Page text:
Beyond using a plunger on an overflowing toilet or using some liquid drain cleaner, real plumbing work is not one of the easiest do-it-yourself home projects. A call to a plumber is most likely going to be one’s best bet when pipes freeze or other residential plumbing issues arise. And, as long as people continue to have indoor plumbing (the outlook is good), skilled plumbers will always be in demand.
Plumbers repair and install the pipes and drainage systems that are connected to appliances, machines, and water fixtures.
Some plumbers concentrate on residential plumbing, while others specialize in commercial. Some focus on installing systems in new construction, while others are adept at repairing existing systems. They work in homes, businesses, factories, and in other locations where there are pipes.
Top Skills Plumbers Need
When you're applying for jobs, there are certain skills that employers expect applicants for plumbing jobs to have. Here are some of the top skills needed to succeed as a plumber.
Manual Dexterity and Physical Strength
Working with pipes, usually in tight, confined spaces, requires the strength to hold up pipework, appliances, or toilets, and the ability to hold pipe fittings steady, while having good control of your hands to manipulate small objects.
You will need to have good vision to thread fittings, read small gauges, and interpret blueprints. Some of the physical tasks and abilities required of plumbers include:
- Accessing Confined Spaces
- Applying Adhesives, Sealants, and Caulk
- Cleaning Sewer Lines
- Hand and Arm Strength
- Installing Appliances Like Refrigerators, Dishwashers, Water Softeners, and Water Heaters
- Installing Pipe Systems for Gas, Water, Steam, and Other Liquids
- Manual Dexterity
- Tolerating Potentially Dangerous, Noisy, or Unpleasant Working Conditions
- Using Soldering Techniques
- Utilizing Tools to Assemble Components
When dealing with water pressure, you must have an understanding of how plumbing systems work. Training for plumbing jobs is available from trade schools, community colleges, and on the job as an apprentice.
Most states require a plumber to be licensed to practice on their own. Though requirements vary by location, two to five years of experience and successful completion of a test covering trade knowledge and knowledge of local code and regulations is usually necessary before a license will be issued. Mechanical know-how enables plumbers to perform activities such as:
- Applying Algebra
- Applying Geometry
- Applying Principles of Hydronics
- Choosing the Right Tools for the Job
- Fixing Leaking and Clogged Lines
- Installing Sinks and Faucets
- Interpreting Blueprints
- Mechanical Reasoning
- Performing Pressure Tests on Pipe Systems
- Plumbing Installations
- Plumbing Repairs / Repairing Pipe Systems
- Pursue Ongoing Learning about New Systems and Materials
- Replacing Defective Parts
Problem-Solving and Troubleshooting Skills
Since plumbing problems can sometimes be severe, plumbers should possess the persistence needed to see the job through to a successful conclusion. Plumbers need to be able to find, diagnose, and repair problems.
Often working alone, you will need to figure out the reason for issues on your own and will need self-motivation to keep yourself on task. You’ll need solid problem-solving skills, analytical and logical reasoning talents, and attention to detail in order to:
- Calculate Basic Math
- Diagnose Plumbing and Piping Problems
- Identify Problems
- Inspect Systems Once Installed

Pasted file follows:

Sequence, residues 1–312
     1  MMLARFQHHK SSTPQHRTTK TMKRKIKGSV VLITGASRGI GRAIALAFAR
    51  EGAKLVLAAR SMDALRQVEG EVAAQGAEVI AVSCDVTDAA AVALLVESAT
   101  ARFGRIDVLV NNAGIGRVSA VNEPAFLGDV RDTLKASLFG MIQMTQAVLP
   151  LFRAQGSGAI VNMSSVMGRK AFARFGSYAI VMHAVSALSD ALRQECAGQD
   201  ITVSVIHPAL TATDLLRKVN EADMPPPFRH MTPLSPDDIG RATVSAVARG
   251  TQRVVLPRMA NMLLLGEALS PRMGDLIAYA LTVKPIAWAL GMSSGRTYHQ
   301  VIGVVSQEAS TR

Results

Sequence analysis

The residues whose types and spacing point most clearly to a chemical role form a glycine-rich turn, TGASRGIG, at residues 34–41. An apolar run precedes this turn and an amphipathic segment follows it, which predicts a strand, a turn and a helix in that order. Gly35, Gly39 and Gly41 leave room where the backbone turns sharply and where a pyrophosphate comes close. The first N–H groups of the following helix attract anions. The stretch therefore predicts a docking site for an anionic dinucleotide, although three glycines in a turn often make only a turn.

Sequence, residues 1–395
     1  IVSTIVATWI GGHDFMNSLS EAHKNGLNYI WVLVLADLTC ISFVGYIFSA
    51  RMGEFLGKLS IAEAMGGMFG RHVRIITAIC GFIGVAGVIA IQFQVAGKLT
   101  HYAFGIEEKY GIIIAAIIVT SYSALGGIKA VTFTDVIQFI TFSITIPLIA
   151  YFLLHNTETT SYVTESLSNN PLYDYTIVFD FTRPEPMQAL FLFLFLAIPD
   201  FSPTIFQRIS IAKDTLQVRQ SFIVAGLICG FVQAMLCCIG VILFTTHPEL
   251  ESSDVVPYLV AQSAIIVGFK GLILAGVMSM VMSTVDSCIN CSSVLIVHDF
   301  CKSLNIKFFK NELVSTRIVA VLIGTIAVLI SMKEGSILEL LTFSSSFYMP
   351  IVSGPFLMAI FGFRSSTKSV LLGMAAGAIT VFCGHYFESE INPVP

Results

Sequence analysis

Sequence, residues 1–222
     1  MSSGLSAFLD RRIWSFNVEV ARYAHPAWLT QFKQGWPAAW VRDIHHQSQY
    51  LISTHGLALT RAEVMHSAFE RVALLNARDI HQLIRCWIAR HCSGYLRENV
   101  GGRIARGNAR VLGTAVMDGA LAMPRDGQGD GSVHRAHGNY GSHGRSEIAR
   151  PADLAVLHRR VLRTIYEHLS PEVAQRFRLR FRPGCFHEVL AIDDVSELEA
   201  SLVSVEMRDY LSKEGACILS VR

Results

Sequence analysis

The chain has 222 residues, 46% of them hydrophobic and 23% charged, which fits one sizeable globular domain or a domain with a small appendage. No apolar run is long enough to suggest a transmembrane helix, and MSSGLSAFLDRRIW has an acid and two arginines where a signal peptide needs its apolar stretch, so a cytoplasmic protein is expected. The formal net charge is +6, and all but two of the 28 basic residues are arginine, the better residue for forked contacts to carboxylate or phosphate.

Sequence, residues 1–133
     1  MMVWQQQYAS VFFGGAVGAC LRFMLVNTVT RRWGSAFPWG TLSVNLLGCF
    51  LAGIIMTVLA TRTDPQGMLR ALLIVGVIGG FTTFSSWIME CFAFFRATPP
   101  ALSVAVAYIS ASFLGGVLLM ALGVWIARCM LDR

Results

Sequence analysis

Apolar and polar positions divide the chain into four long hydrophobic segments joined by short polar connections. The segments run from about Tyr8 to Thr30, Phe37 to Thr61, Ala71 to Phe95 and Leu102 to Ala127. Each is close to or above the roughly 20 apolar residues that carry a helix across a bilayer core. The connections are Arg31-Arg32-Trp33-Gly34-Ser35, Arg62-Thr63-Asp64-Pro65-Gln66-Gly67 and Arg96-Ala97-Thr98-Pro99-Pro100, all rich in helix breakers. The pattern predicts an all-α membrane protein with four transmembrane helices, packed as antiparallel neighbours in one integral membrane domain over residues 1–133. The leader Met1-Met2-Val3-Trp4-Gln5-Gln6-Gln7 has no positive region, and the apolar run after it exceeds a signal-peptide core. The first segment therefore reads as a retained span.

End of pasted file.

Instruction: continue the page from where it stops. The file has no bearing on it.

- Plan Projects
- Produce Viable Estimates for Project Costs
- Troubleshoot System Failures
General Business and Administrative Skills
If you decide to work as an independent contractor, you’ll need to know the following business administration and management capabilities:
- Computer Knowledge
- Completing Paperwork to Document Services Rendered
- Estimating Types of Materials Required for Projects
- Maintaining Financial Records
- Negotiating Agreements for Services
- Promoting Business
- Purchasing Materials
- Setting Prices for Services
- Supervising Staff
Regulatory Compliance Skills
Especially in commercial plumbing, all completed projects will be subject to inspection. Employers and customers will expect you to continually:
- Follow Safety Protocols
- Learn and Comply with Building Codes
- Review Updates and Changes in State and Local Plumbing Codes
Soft Skills for Plumbers
In addition to the mechanical skills you’ve mastered in your plumbing training and apprentice programs, you’ll need to be able to communicate and collaborate with customers, team members, and supervisors effectively. As you advance in your career, you may also be called upon to train plumbing apprentices. The “soft skills” (both personal and interpersonal) you’ll require include:
- Ability to Follow Directions
- Collaborating with Other Grade and Construction Workers
- Convincing Customers to Invest in New Systems
- Customer Service
- Friendly demeanor
- Getting along with coworkers
- Instructing Customers Regarding Use and Maintenance of Systems
- Resolving Problems with Customers
- Training Assistants and Apprentices
How to Highlight Plumbing Skills in Resumes
When you create a plumber resume, first review the general skills employers list in their job advertisements and then try to mention as many of these as possible in your resume. These skills will vary based on the position for which you're applying, so you should edit each resume you send out to reflect the qualifications that each employer is specifically seeking.
Why is it important to use the skills keywords mentioned in job ads on your resume? Doing this is a smart strategy because many employers use automated applicant tracking systems to screen the job applications they receive. If your resume doesn’t contain the keyword phrases these programs are programmed to search for, it may be eliminated from consideration.